By Clare McDermott published February 24, 2011

How Professional Services Firms Use Content Marketing

The B2B Content Marketing 2010: Professional Services Industry Report is based on research conducted by Junta42 and MarketingProfs in September 2010. I, for one, was surprised by the findings. I always assumed professional service firms were leaders in thought leadership marketing. They practically invented the discipline, after all. When I think of which companies I believe are most sophisticated and successful in using content to support sales and brand awareness, I think of McKinsey, Booz & Company and PwC. Turns out, professional service firms are not more likely to use content marketing—in fact, they trail their peers in a number of important ways.

First, let’s talk turkey: the composition of respondents. Of the 1,124 respondents, 112 self-identified as working for or owning a professional service firm. Respondents were very heavily weighted to smaller practices:

  • 41% work for firms with fewer than 10 employees (we can assume some are sole practitioners)
  • 39% work for firms with between 50 and 249 employees
  • 9% work for firms with between 250 and 4,999 employees
  • 8% work for firms with more than 5,000 employees.

Keep in mind, therefore, that this report reflects the experiences of small- to small/mid-size firms. Another way to consider this: 80% of PSF respondents hail from firms with fewer than 250 employees, versus 67% across all industries. For this reason, consider comparisons with great caution.

What do we know about PSF marketers?

Eight out of 10 professional service firms use content marketing as compared to nine out of 10 marketers across all industries. PSF marketers closely mirror the larger population in terms of adopting specific content marketing tactics. Their top five tactics are:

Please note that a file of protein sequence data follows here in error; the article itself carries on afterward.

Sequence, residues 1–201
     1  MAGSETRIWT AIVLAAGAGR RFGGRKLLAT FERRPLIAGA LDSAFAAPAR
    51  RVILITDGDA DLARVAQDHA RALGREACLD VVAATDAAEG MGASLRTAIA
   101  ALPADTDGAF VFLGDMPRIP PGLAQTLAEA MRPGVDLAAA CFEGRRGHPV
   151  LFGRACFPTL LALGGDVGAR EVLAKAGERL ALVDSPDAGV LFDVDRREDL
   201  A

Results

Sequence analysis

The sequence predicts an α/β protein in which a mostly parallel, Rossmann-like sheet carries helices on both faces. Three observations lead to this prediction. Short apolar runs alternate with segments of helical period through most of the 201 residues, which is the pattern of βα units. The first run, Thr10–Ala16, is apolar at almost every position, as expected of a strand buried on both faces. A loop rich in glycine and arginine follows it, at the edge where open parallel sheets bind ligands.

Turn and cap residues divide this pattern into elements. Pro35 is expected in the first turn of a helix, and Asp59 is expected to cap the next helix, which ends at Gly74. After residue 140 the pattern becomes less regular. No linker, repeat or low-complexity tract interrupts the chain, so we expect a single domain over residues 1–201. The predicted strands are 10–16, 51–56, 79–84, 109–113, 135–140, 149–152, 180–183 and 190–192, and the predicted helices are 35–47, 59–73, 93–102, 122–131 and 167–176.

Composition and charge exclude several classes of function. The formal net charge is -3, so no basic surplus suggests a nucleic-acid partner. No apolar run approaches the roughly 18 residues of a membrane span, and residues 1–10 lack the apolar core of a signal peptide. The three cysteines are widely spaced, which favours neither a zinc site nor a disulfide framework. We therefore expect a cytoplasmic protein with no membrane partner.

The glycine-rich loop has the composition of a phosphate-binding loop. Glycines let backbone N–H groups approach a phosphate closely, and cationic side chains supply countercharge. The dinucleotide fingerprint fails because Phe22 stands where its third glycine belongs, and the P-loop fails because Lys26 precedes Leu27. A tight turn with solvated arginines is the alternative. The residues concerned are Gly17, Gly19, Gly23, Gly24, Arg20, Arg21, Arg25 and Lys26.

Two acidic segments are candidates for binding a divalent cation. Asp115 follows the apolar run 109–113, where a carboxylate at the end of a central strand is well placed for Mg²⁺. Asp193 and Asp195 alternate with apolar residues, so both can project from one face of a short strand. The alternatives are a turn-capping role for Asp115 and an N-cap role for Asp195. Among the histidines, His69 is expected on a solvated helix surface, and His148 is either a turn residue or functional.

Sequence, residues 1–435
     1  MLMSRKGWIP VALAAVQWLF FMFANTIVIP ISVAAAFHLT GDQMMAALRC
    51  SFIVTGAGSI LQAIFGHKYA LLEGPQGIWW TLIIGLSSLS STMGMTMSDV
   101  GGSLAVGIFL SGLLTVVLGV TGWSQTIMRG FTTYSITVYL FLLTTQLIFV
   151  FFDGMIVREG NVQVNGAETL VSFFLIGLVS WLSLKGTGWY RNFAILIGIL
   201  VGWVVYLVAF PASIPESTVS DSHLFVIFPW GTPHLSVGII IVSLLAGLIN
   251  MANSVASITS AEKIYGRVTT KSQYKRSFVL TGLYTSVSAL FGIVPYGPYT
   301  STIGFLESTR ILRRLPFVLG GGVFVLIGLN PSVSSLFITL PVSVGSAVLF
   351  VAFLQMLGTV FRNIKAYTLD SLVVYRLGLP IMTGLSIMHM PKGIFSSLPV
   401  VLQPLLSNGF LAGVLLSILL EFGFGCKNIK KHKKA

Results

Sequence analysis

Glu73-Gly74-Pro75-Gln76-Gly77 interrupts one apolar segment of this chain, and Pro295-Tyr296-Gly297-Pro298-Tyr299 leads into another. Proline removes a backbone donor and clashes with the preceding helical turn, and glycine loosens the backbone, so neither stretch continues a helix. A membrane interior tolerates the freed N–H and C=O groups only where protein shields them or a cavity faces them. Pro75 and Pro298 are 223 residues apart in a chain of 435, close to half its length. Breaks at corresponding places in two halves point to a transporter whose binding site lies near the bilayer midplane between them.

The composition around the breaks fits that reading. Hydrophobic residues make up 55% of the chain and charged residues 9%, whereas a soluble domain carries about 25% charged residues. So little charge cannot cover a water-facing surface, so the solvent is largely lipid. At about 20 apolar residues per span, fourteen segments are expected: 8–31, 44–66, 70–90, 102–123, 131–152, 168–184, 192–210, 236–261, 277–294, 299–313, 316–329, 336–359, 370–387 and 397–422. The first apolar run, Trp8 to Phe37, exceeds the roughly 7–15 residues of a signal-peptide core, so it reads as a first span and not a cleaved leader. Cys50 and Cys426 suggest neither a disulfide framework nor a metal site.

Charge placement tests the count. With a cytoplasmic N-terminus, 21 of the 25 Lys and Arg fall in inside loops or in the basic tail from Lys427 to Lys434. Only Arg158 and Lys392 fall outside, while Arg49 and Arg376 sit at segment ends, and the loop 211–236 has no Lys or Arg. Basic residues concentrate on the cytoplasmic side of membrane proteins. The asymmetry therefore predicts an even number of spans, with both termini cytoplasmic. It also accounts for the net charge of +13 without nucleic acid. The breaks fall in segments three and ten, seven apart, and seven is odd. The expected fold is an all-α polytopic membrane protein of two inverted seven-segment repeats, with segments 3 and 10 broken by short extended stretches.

• Social media (80% of PSF marketers use social media versus 79% of cross-industry average)
  • Articles (78% PSF adoption versus 78% cross-industry average)
  • eNewsletters (65% PSF adoption versus 61% cross-industry average)
  • In-person events (64% PSF adoption versus 62% cross-industry average)
  • Blogs (63% PSF adoption versus 51% cross-industry average)—an interesting anomaly.

Professional service firms are most likely to use LinkedIn (62% use the platform versus 51% on average across industries) to distribute their content via social media channels.

The content marketing confidence gap

Perhaps the most interesting findings have to do with “content marketing effectiveness.” Marketers were asked not only whether they used certain tactics, but also whether they found those tactics to be effective. For PSF marketers (as well as all other marketers) we found what we called a “confidence gap.” That is, while marketers use particular tactics in large numbers, those tactics are not always considered effective. For example:

  • 80% of professional service firms use social media but only 35% believe it to be effective (defined as a rating of “4” or “5” on a 5-point scale)
  • 78% use articles but only 48% rate that tactic as effective.

We also found certain tactics enjoyed high effectiveness ratings even though fewer marketers use them. For example, 64% of professional service firms use in-person events as a tactic but 85% believe that tactic is effective. (You can find much more detail in the report itself.)